• Revisit all your costs – yes, all of them. Trim your variable spending such as entertainment and training. Investigate whether you can take advantage of options to temporarily defer larger costs, such as deferring your rent, tax, loan principal and interest payments. 

Remember the first point about cash flows?  While this may offer temporary relief, these payments cannot be deferred indefinitely, and you can only rob Peter to pay Paul for so long. Consider how you will be able to pay these deferrals in the future.

Speak to your insurance provider

Your insurance plan may entitle you to business interruption insurance payments. This is typically an add-on policy in the event of your business temporarily needing to shut down. There are 3 types of policies:

  1. Gross earnings policy – pays only until the property is repaired or inventory is replaced.
  2. Profits form policy – pays until businesses resume to a pre-interruption level.
  3. Extra expense policy – pays for additional costs until a business recovers from a major disruption.

Speak to your insurance provider to review your potential entitlements.

Manage your human capital

Much like determining critical processes, you need to understand the minimum level of personnel required to support your operations.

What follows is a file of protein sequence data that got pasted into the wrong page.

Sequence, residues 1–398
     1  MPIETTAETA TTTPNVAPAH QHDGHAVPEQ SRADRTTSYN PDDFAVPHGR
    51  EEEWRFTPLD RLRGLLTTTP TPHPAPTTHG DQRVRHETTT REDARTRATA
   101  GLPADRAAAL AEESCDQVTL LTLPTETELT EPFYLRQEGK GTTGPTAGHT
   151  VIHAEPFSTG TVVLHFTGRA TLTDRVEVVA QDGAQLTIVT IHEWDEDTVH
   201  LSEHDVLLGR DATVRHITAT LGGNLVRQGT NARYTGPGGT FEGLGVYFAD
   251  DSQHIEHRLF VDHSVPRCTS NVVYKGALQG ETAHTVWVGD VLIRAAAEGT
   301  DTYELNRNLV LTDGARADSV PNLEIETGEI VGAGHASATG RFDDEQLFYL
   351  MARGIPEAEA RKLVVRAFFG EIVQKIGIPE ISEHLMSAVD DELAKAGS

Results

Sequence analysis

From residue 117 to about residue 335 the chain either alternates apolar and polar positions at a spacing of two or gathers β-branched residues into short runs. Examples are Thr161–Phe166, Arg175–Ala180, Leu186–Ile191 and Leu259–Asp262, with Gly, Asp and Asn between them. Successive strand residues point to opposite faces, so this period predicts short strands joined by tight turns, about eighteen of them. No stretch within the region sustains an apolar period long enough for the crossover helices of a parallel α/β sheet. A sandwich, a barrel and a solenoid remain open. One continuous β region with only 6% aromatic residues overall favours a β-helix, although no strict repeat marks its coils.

Developing a summary of all your staff, their job functions and roles could be helpful.  Consider training employees to ‘wear multiple hats’, so that they can step in if there is an unexpected employee absence.

For many businesses, the COVID-19 pandemic may be the first time they’ve had to consider allowing employees to work from home.  Depending on your industry, some or all of your employees may be able to work remotely, but there are key considerations to ensure productivity:

  • Stay connected via multiple means of communication (through phone, e-mail, instant messaging, etc.) is more important than ever.  As an example, we use Microsoft Teams to connect with our employees twice a day for status updates.
  • Be clear with expectations – is it more important target hours are reached or completion of tasks?  Keep in mind there are countless unavoidable distractions at home, especially if your employees have children that they must care for.
  • Ensure your employees have what they need – not everyone has the tools to work from home, so talk to your employees and ensure they have what they need to do their jobs.

Don’t wait to on incentives, and heed the advice of your professionals

COVID-19 is a highly dynamic situation. As it worsens, governments will be under increasing pressure to combat the economic impact through more aggressive economic response plans to benefit small and mid-sized businesses.

Make yourself aware of all options available to both businesses and individuals.  If you are not comfortable with wading through the fine print – now is the time to pick up the phone and have a call with your trusted advisors.  

We understand that it is a difficult time – we’re here to help. If you need guidance and you cannot afford it, KPCPA is offering free or fee-deferred assistance for eligible business owners.